Let’s take a journey back 9,000 years to 7,400BCE when people first settled at Çatalhöyük. In this period, the site was situated in a wetland where the climate was moist and rainy. A wide range of resources were available including fish, water birds and their eggs. On the drier ground there were agricultural fields, and herds of wild animals could be found roaming the plain.
This was a society undergoing continual transformation. By 6,500BCE we can see radical changes in behaviour. More efficient cooking pots were developed, which in turn created time for other activities. Domestic cattle and milk were introduced and there was an increase in housing and population density. Burials and ritual behaviour also became more elaborate. It is at this time that we begin to see the emergence of many of the decorative features that Çatalhöyük is famous for, such as figurative art. At its peak 3500-8000 people lived, worked and died here.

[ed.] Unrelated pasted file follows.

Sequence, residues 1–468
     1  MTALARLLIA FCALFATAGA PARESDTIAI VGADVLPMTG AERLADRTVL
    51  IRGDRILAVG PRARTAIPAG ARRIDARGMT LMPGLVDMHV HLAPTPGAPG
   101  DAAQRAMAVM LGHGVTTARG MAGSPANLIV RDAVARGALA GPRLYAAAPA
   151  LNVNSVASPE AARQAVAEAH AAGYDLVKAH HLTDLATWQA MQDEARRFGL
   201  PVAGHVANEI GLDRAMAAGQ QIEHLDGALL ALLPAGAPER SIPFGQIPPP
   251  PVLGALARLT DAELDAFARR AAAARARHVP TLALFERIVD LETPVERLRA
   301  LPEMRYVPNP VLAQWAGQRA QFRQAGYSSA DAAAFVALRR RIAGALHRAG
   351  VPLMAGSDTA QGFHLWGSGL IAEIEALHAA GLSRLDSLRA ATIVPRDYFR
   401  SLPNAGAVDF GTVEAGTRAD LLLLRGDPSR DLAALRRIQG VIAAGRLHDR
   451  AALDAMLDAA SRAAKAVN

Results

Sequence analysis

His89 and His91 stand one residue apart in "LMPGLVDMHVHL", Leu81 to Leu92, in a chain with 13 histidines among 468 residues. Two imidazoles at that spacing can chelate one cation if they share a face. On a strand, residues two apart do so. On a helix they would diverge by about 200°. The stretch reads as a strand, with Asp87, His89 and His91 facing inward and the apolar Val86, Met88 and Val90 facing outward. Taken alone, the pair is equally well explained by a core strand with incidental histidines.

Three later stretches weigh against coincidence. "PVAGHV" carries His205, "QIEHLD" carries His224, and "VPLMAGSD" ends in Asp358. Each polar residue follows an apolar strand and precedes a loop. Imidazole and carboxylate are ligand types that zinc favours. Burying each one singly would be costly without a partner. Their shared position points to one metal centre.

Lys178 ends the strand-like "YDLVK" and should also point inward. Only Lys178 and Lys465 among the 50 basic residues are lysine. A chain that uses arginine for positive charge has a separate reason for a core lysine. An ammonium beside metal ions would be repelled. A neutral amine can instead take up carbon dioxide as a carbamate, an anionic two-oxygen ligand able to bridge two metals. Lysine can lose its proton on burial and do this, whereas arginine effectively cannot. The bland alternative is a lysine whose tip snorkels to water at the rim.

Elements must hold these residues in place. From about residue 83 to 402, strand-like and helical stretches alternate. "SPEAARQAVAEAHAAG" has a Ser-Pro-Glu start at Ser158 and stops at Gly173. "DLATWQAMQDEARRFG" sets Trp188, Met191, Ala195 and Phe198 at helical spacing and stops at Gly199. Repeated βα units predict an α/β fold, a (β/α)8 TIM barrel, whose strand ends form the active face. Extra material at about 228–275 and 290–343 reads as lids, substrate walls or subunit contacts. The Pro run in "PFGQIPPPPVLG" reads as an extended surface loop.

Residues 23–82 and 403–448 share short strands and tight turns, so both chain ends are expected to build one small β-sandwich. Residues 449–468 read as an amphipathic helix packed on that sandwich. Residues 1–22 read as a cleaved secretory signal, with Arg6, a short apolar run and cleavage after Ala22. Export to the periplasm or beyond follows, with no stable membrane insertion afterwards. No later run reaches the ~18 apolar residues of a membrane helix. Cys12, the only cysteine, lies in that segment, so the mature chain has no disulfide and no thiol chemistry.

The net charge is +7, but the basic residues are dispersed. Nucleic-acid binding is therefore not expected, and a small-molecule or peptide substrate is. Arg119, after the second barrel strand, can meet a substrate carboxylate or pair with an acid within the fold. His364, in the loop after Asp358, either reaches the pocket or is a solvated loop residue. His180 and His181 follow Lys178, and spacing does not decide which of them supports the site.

In the later period of occupation at Çatalhöyük, inhabitants of the East Mound started dispersing to the many other sites that grew up on the Konya Plain. One of these was the West Mound. Interestingly over the millennia, surrounding communities continued to use the East Mound for burial and other activities. Clearly this remained a special place in the landscape.